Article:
Thank you for making Neo4j what it is.

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Wednesday, July 27, 2011

A new cache for Neo4j, part 1 : The hash function

Since my last post a lot of things have happened in Neo4j, some of which have made some of the material in this blog outdated. Imagine that! Just half a year later, the kernel crackdown (specifically, the storage layer walkthrough) is pretty much out of date. How awesome is that? My wonderful colleagues at Neo Technology however have shown me that staying still is not an option, so here I am, trying to make another post outdated. This time is the cache's turn, which is about time it received an overhaul. Challenging the current implementation will start at an unexpected place (or is it?), the hash function.

The hash function you say?

Well, makes sense, doesn't it? At least, I hope it does. You see, in general, hash functions are developed with a very specific goal in mind: uniformity over the hash values, which reduces conflicts, the main quality metric of a hash function. The rationale behind this is the more random the output appears in relation to the input, the smaller the probability for two "related" values (what that means is domain dependent) to collide. This however completely ignores some things that could lead to better utilization of the co-domain (the set of result values from the hash function). In particular, if we know that some class of values is going to be more frequently polled that others, it would make sense to have that class mapped to a larger interval of the co-domain so that collisions in this class (and, consequently, throughout) are reduced even more.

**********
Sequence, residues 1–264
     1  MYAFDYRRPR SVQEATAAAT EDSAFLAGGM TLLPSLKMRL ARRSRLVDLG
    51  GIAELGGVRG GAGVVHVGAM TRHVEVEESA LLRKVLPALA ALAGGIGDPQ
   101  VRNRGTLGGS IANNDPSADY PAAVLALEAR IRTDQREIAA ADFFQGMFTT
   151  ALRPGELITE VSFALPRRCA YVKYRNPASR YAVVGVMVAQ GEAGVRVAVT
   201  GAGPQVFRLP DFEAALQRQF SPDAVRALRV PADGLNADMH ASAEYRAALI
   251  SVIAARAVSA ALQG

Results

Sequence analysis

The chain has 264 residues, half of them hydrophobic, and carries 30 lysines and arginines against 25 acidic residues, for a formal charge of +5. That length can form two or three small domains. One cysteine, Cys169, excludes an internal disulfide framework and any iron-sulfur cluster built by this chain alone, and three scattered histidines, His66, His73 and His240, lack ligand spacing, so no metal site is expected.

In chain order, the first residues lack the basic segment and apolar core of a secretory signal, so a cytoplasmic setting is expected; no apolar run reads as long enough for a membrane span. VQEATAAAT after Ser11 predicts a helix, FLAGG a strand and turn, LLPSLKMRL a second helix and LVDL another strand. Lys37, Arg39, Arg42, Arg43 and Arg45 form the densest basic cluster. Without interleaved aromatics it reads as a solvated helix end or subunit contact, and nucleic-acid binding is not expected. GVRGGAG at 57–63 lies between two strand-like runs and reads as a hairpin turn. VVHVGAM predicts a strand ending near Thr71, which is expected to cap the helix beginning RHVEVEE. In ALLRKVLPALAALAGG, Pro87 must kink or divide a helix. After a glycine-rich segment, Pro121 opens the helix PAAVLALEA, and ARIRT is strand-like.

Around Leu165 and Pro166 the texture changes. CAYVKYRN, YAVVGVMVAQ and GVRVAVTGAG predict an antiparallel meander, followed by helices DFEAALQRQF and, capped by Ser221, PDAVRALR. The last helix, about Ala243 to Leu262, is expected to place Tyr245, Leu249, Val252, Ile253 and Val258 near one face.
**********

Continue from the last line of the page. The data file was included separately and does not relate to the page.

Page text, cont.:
Quick example

Say I have the interval [1,100] as the hash function's domain and the interval [1,10] as the co-domain. A typical hash function will try to allocate k*10/100 values for any collection of k values from the co-domain, a goal best reached by uniformity, as discussed. If, however, we knew that the interval [1,20] would be referenced twice as often as the (20,100], wouldn't it be more logical to allocate a bigger chunk than [1,2] to it? Let's see:
First, for a co-domain of arity N of a perfectly uniform hash function, the possibility of a collision for two inputs is 1/N. This is kind of obvious, selecting the first number does not matter and a collision will happen if we select that number and only that number again, thus 1/N. Having said that:
A uniform selection from [1,100] to [1,10] will lead to collision probability 1/10.
A selection with probability 1/2 from [1,20] mapped to 20% of the co-domain and 1/2 from [21,100] mapped to the proportional 80% will lead to 1/2*0.5 + 1/2*0.125=0.3125 collision probability.
A selection with probability 1/2 from [1,20] mapped to 50% of the co-domain and 1/2
from [21,100] mapped to the remaining 50% will lead to 1/2*0.2 + 1/2*0.2 = 0.2 collision probability.
A selection with probability 1/2 from [1,20] mapped to 80% of the co-domain and 1/2
from [21,100] mapped to the remaining 20% will lead to 1/2*0.125 + 1/2*0.5 = 0.3125 collision probability.

The above kind of demonstrate that uniform hashing is not always the best choice and that a sweet spot exists when trying to find an alternate distribution. So let's try that.

Practical matters

When we start operations on our data set it is usually not known beforehand what the value distribution will be but we might have a vague idea, such that there is some locality or other underlying trend. We can develop therefore an adapting hash function, that after it looks at some data can form some idea about their nature and start allocating chunks of the co-domain hopefully in a more efficient manner. Keeping statistics will be key here.
Beforehand, this appears to have two problems. One is performance - hash functions have to be really fast and here we talk about keeping statistics. This is somewhat problematic and actually the only thing we can do is to be relaxed on the accuracy of our statistics, keep them simple and fast and of course, optimize the hell out of it, hoping that the reduction of collisions will increase performance more that this additional code path slows things down.